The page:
By James Andrew Whitaker
As the only country in Africa that was formally colonized from the United States, Liberia has an intimate yet troubled historical connection with the American South. Several states (including Georgia and Mississippi) sent previously enslaved “free Blacks” to Liberia in league with the American Colonization Society, which existed primarily to send African-Americans as settlers to West Africa. These relocations were carried out from a number of states in the American South. For example, approximately 300 freed slaves went to Liberia during the 1840s from the estate of Isaac Ross in Jefferson County, Mississippi, and started what became known as “Mississippi in Africa” in what is now Sinoe County, Liberia. This relocation was orchestrated by the Mississippi State Colonization Society, which was affiliated with the American Colonization Society for part of its history. The colonization movement consisted of a chaotic set of interests, which ranged from abolition, to missionization, to the perpetuation of slavery.
I visited Sinoe County to conduct fieldwork-based research on historical memory and oral history during the summer of 2022. As I walked through Mississippi Street in Sinoe’s county seat of Greenville and visited with local people in the surrounding area, I was often struck by similarities with the Mississippi Delta. In addition to common challenges, which ranged from unemployment to water access, the buildings, hospitality, and relaxed lifestyle were familiar to experiences back home. Although Sinoe County is practically unknown in Mississippi, many local people there had at least heard of Mississippi and its shared history. Local people in Sinoe County varied in their understandings and interpretations of these historical connections. Some described Mississippi as a kind of mother country while others merely said that they had heard there was a past connection of some kind that explained current names like “Mississippi Street” and the “Mississippi Inn” in Greenville. These narratives are entangled with the complicated history of the Americo-Liberian settlers who are often understood as founders of Liberia, but also by some as erstwhile oppressors of the Indigenous people living in the region. Such divisions came to the forefront during the Liberian conflicts of the late twentieth and early twenty-first centuries from which the country is still recovering. A few people in Sinoe asked me why Mississippi had not come to help them and why we had abandoned the ancestors of those early settlers.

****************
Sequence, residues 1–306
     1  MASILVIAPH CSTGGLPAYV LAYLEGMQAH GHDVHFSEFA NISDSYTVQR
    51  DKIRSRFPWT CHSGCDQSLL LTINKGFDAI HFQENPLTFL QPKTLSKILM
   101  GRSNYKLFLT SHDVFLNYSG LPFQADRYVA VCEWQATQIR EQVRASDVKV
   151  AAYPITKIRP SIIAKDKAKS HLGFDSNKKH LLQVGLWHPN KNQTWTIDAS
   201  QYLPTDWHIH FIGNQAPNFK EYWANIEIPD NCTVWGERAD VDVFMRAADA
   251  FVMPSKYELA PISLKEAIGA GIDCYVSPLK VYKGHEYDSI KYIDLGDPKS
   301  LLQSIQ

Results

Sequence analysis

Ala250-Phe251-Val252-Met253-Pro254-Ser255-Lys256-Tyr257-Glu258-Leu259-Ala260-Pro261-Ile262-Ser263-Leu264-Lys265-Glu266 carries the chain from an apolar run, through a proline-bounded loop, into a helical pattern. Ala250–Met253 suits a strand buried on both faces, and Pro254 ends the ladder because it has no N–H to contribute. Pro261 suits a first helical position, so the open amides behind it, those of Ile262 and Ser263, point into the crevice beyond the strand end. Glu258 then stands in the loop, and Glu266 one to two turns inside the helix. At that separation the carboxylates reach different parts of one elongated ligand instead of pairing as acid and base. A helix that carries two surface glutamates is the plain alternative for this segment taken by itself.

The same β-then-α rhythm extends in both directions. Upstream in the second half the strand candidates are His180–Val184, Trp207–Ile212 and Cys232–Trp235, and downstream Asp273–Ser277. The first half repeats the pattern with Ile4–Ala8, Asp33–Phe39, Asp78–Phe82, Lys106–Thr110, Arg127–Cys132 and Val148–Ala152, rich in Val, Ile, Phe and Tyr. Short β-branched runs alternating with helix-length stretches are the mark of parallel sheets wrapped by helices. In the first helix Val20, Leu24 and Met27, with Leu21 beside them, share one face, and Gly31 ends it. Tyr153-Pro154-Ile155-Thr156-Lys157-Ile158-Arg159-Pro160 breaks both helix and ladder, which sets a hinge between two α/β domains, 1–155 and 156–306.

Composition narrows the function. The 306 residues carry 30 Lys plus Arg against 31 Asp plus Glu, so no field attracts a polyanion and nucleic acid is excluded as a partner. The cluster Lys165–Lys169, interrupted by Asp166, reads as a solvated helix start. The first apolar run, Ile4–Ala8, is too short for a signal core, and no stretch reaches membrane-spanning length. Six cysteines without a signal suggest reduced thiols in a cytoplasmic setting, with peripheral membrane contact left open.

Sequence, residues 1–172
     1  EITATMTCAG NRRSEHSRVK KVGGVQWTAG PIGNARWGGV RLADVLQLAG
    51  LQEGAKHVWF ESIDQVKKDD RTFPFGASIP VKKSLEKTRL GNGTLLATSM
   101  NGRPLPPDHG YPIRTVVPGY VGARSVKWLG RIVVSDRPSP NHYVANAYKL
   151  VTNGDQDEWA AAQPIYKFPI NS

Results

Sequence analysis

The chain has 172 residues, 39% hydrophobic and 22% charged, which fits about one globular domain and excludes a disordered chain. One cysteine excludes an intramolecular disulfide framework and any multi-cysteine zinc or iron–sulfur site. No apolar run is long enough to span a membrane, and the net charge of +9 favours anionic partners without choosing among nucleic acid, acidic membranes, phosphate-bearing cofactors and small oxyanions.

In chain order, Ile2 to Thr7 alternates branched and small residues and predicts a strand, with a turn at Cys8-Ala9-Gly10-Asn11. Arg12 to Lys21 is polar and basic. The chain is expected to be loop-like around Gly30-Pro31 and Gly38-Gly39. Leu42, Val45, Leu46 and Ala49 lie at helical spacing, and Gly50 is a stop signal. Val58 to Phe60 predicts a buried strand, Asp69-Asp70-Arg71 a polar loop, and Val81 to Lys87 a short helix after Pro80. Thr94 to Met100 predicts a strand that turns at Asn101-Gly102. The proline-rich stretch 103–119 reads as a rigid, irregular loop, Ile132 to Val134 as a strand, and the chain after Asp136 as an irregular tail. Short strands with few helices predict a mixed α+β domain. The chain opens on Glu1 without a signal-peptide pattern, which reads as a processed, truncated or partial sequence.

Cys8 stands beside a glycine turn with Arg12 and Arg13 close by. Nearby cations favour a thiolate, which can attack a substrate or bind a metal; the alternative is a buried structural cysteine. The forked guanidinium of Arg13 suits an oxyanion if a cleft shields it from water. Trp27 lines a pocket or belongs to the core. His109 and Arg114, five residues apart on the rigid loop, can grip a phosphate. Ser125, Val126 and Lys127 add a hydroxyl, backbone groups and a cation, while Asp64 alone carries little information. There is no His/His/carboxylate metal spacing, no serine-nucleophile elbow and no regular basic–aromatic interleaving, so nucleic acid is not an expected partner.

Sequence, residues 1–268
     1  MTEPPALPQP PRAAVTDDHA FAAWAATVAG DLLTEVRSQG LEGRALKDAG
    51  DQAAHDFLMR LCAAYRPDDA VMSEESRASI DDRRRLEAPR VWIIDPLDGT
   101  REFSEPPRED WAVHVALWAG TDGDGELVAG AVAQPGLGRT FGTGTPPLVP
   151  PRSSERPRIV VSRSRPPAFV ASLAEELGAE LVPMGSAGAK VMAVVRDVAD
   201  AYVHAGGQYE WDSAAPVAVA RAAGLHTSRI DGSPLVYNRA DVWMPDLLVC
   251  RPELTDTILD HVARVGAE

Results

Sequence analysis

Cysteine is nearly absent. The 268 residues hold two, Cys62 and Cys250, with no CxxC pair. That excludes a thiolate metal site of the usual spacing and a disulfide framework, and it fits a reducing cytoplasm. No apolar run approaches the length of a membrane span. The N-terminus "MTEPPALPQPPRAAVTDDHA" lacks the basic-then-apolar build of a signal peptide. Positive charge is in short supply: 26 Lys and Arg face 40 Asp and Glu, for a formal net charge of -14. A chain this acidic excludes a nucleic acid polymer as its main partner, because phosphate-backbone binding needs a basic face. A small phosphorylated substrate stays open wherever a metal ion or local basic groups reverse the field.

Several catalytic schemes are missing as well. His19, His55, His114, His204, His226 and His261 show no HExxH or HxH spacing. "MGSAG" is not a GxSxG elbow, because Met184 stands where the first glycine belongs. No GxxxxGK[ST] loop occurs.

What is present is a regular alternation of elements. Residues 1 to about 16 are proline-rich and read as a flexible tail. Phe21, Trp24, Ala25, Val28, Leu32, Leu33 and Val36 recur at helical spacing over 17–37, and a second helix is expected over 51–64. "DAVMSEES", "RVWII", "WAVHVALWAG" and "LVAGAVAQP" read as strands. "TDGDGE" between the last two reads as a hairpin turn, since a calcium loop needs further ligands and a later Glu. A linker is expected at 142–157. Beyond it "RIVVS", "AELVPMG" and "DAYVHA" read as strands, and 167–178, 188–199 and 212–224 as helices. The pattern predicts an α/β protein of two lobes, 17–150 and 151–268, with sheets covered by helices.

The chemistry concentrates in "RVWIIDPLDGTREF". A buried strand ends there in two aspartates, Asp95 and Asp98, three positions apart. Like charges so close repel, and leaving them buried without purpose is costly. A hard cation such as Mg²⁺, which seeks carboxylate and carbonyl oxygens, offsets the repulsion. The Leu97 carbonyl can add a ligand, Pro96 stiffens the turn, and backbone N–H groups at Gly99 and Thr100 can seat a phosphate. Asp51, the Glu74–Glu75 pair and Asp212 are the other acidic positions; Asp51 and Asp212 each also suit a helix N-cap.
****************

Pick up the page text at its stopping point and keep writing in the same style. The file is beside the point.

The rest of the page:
My visit to Liberia was part of a larger project that I have been working on for a couple of years now at Hinds Community College and partnering universities in Mississippi to build new and mutually beneficial bridges between Mississippi and Liberia. With support from a fellowship from the American Council of Learned Societies and Mellon Foundation, we have created a Mississippi-West Africa seminar series to aid in public education about past and present ties between these two regions. We are also in the process of developing an exhibit to further public education of Mississippi’s “special relationship” with Sinoe County, Liberia. Our goal is to build on these initiatives to create ongoing academic exchanges with Liberia.
Towards this goal, we aim to send students from Hinds Community College to Liberia during the summer of 2023. We hope to build upon this study abroad to create educational opportunities for Liberian students in Mississippi. During a recent visit by Honorary Consul General Cynthia Blandford and Liberian Embassy Counselor Nadia Sartus Kamara as keynote speakers in the Mississippi-West Africa seminar series, we discussed our goal and ways of building new bridges between Liberia and Mississippi through education, cultural exchange, and development. We are actively developing relationships with Liberia to achieve this goal. For example, we have signed Memoranda of Understanding (MOUs) this year with the University of Liberia and Cuttington University. Through the creation of new and mutually beneficial relationships, we hope to build upon our shared history and to find common purpose to meet shared challenges in the present.
The Hinds Community College Foundation is currently raising funds to support the Liberia Cultural Exchange program. For more information or to make a gift, please contact Matt Jones or Robyn Burchfield at (601) 857-3363 or email them at Foundation@HindsCC.edu.
Dr. Whitaker is an Instructor of Anthropology & Sociology, Department of Social Science, Hinds Community College, and Adjunct Faculty, Department of Anthropology & Middle Eastern Cultures, Mississippi State University.